Preventing Carbon Monoxide Poisoning

By
Home Inspector with A2Z Home Inspections

Here is a recent interview I had with WNEP news on Carbon Monoxide poisoning

Preventing CO Poisoning

Posted: Jan 15, 2009 04:59 PM

Last Updated: Jan 15, 2009 05:00 PM

link to video

By Wendy McNew

As you turn up the heat this winter season experts say the threat of carbon monoxide is much greater but there are ways to protect yourself.

Carbon monoxide is called the silent killer. According to the Environmental Protection Agency it is responsible for thousands of deaths a year.

With the recent cold snap experts say there are ways to keep you and your family safe.

Chris Duphily of A2Z Home Inspections made a call Thursday to Meyers Real Estate office just off Route 115 in Effort.

He's checking for what he calls a silent killer, carbon monoxide, a colorless, tasteless, and nearly odorless gas that can kill.

"It's responsible for about 1,500 deaths annually according to the CPSC and the EPA,"Chris Duphily said.

Owner Bob Meyer said he wanted Duphily to come out because he installed a new furnace about a year ago and wanted to make sure it was venting correctly.

Most carbon monoxide exposure is caused from poor ventilation in heating systems.

"I thought it was a good time to see if it is working properly, if it is set up properly, the air flow and such or if anything changed since the installation last year," Meyer said.

To keep safe, Duphily advises both home owners and businesses to get their chimneys and heating systems checked and cleaned at least once a year.

"Maintained, I mean, have a licensed HVAC contractor come out and clean the flue, check the draft, make sure that everything is within spec of the manufacturer," Duphily explained.

Also, keep carbon monoxide detectors up to date.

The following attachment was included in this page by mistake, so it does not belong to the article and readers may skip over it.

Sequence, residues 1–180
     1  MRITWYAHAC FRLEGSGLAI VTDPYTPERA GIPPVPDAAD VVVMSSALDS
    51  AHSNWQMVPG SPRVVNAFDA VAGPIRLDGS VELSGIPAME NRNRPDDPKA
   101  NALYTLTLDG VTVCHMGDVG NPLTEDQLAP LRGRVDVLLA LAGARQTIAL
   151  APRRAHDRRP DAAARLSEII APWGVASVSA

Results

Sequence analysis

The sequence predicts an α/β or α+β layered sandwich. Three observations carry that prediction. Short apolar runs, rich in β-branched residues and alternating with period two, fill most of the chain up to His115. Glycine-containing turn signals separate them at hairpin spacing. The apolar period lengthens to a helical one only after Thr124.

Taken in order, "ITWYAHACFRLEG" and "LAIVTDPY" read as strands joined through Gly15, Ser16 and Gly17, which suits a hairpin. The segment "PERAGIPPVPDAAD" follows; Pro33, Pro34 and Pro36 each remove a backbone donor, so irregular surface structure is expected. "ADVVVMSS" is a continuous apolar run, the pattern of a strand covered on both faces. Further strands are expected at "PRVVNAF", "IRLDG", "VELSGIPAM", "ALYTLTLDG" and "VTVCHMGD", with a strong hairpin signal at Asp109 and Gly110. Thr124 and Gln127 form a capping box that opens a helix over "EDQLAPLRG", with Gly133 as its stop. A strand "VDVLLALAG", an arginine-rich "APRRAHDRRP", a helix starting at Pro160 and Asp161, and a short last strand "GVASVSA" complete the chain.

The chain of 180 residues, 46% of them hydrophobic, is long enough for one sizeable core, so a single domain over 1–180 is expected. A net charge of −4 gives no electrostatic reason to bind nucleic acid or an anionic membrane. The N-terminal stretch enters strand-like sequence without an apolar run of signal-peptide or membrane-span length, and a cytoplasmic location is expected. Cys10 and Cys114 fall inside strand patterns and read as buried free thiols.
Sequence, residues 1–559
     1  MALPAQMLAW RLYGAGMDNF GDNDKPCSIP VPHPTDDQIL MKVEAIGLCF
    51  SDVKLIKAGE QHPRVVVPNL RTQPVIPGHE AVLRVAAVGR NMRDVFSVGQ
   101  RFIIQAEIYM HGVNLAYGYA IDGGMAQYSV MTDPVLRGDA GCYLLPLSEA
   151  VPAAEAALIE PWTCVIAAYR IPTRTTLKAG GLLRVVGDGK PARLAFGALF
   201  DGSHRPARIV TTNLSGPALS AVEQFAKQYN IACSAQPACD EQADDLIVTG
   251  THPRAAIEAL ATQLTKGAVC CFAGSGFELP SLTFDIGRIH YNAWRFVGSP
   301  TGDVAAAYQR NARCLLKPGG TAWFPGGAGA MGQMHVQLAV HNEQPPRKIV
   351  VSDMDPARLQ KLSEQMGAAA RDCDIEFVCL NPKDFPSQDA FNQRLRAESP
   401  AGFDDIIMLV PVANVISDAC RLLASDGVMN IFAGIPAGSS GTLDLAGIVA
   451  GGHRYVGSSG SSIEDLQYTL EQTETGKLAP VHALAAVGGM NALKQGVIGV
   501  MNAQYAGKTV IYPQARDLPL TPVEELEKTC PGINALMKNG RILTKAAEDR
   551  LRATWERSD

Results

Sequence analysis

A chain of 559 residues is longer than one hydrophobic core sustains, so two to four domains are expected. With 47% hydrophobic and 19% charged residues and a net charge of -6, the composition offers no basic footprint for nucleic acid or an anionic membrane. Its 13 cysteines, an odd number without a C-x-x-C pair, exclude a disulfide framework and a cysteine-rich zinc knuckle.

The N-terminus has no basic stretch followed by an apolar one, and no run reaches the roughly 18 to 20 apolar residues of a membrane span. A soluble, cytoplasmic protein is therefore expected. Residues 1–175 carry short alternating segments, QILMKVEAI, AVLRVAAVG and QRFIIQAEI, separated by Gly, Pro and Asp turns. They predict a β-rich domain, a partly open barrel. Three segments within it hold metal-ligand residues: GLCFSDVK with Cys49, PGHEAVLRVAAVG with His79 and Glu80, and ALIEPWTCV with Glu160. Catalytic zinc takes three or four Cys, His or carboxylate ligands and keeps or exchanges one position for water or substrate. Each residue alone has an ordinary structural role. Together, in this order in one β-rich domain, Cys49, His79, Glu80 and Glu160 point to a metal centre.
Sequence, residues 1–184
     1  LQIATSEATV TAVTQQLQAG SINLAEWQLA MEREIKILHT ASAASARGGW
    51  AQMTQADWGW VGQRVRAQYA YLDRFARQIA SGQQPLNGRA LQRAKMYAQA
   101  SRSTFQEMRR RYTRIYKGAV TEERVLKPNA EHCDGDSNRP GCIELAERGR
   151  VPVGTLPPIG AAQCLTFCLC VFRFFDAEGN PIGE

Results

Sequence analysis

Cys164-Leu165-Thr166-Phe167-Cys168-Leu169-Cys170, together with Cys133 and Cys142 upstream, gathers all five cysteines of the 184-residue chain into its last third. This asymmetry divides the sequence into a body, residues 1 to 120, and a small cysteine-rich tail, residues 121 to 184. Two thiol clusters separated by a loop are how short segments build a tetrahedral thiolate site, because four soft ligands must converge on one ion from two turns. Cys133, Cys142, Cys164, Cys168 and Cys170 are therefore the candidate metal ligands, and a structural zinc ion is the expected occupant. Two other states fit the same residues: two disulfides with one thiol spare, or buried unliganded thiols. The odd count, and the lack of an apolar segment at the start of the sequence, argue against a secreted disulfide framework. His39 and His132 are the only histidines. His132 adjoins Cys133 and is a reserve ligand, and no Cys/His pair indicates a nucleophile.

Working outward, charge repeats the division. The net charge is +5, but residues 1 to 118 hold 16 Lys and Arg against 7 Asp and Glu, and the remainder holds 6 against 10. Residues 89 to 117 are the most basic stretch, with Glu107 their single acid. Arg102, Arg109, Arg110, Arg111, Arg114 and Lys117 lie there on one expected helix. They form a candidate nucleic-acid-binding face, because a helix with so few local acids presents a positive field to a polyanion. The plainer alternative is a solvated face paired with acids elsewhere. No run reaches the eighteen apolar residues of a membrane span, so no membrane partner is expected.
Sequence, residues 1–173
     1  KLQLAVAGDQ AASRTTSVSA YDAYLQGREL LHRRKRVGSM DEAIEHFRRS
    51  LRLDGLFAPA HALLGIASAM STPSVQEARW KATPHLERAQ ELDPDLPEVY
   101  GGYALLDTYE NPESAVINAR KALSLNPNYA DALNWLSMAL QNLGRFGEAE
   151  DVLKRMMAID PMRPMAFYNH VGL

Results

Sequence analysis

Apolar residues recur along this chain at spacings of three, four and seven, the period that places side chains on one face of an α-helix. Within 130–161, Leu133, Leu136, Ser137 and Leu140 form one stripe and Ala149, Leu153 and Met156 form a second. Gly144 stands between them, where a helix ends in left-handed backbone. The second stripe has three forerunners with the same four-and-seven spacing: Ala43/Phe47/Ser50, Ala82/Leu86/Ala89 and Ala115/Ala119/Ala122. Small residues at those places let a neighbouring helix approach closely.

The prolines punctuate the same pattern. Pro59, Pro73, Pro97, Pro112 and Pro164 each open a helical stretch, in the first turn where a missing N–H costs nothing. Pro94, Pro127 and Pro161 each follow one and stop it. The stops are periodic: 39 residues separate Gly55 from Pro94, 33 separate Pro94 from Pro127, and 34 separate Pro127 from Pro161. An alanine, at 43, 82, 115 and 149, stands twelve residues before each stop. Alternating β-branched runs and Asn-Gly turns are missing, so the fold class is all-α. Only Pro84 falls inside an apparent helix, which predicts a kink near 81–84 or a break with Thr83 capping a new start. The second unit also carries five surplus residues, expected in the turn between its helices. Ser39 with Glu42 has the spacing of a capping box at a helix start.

"Carbon monoxide and smoke detectors are extremely important. One thing different about carbon monoxide detectors is they need to be replaced every five years as per manufacturers instructions," Duphily added.

Fortunately for Meyers Real Estate their carbon monoxide test came back negative.

Symptoms of carbon monoxide exposure include headaches and nausea. If you are experiencing these and think you have been exposed to carbon monoxide, open your windows and call your local fire department.

 


 
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Rainmaker
10,934
Glen Kotulek
Home Critique Property Inspections LLC - Austin, TX
Austin Home Inspector, schedule online www.homecritiquepi.com

I always put in a statement advising for the installation of a CO monitor in homes with gas appliances or gas logs in the fireplace due to the dangers associated with CO.  Best to be informative and helpful to our customers.

Jan 19, 2009 01:06 AM #1
Rainer
48,055
Ian Niquette
Square One Home Inspection - Markesan, WI

Was that in your local paper Chris. Real nice, good advertising and the public sees you as a needed service.

Jan 27, 2009 12:20 PM #2
Rainer
9,840
Chris Duphily
A2Z Home Inspections - Stroudsburg, PA
Stroudsburg PA Home Inspector

Hi Glen - I agree, being helpful is what seperates the good inspectors from the pack.... and keeps our past clients coming back to us for advice. Thanks for posting.

 

Thanks Ian - It was a report on a local tv station wnep channel 16 news. It was good visibility for my company on an extrememly important service. Thanks for the comment.

 Stay safe!

Jan 28, 2009 03:17 AM #3
Rainmaker
220,844
Jim Mushinsky
Centsable Inspection - Framingham, MA

Once you get their attention with Carbon Monoxide, let them know about other combustion pollutants.

Here is some text from the CPSC..

Some of the common pollutants produced from burning these fuels are carbon monoxide, nitrogen dioxide, particles, and sulfur dioxide. Particles can have hazardous chemicals attached to them. Other pollutants that can be produced by some appliances are unburned hydrocarbons and aldehydes.